It’s no secret that many in the tech world disdain PR. foursquare founder Dennis Crowley once told PRNewser that PR “pretty much takes care of itself.” The issue, however, is that many of these tech start-ups equate PR to publicity or “getting press.”
“Hey, I’ve called TechCrunch and gotten my story Tweeted a few hundred times, my job is done,” is the sentiment displayed by some of these tech companies.
But what happens when something goes wrong?
For example, Blippy, a social network that broadcasts user’s credit card purchases online is facing scrutiny today after VentureBeat found Blippy user’s credit card numbers on Google. The story has been picked up by USA Today, CBS News, The Wall Street Journal, The New York Times and many others.
If you visit the company’s website, there is no statement on the matter. There is also no contact info — not just for a PR contact, but for anyone who works at the company, besides generic contact emails.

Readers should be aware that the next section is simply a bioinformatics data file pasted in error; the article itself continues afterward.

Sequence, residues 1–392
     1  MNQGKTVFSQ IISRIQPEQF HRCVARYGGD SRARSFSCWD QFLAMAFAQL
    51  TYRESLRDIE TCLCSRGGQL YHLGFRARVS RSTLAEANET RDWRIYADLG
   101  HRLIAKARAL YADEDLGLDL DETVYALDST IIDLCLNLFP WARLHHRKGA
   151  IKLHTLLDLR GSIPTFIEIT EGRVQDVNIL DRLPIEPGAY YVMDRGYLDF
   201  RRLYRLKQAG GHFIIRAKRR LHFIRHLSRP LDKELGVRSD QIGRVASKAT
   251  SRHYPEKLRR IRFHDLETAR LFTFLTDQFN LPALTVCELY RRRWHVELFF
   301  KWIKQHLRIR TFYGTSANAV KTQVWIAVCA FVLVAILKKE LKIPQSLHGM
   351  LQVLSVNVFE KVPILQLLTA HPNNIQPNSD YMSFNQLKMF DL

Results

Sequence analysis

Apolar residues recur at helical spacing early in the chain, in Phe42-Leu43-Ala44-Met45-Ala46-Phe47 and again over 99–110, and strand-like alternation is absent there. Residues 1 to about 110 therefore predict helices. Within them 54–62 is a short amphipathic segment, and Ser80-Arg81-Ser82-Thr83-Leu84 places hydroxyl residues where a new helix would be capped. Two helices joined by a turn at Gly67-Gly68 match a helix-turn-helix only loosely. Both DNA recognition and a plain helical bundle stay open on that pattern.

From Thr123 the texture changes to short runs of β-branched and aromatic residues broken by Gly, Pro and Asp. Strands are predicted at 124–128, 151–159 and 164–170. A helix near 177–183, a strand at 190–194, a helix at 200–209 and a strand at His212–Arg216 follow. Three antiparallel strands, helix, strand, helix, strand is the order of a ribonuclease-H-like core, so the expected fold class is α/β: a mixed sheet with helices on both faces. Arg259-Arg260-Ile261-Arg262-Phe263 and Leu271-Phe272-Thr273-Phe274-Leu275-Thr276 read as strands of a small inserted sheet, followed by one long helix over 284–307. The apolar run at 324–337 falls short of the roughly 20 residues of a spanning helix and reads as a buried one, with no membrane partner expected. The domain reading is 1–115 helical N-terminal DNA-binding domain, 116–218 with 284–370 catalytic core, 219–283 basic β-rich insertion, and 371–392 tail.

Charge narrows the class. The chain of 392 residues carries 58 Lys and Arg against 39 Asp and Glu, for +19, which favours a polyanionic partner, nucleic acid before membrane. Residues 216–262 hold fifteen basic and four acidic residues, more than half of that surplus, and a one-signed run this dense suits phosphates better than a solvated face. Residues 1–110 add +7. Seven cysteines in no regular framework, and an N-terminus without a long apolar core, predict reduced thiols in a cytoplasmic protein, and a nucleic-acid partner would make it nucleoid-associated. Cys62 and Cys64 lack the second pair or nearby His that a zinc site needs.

The company did post a statement on a Posterous blog, which only has one post, leading one to believe they started the blog just to address this issue, when they should have been building their social media presence before any issues such as this. The blog is not linked to from Blippy’s website, making it hard to find.
Also, the statement doesn’t go far enough. Not once does the company apologize. Instead, cofounder Philip Kaplan [pictured] said, “While it looks super-scary and certainly sucks for those few people who were affected, and is embarrassing to us, it’s a lot less bad than it looks.”
If the company had a more formal PR or communications program in place before this incident, would that have helped? That is up for debate, however it’s not surprising to see the media pile on to this sensitive user data story.
VentureBeat’s Paul Boutin, who broke the story, told us Blippy PR is being handled by Kaplan. The company has not responded to PRNewser as of the time of this post.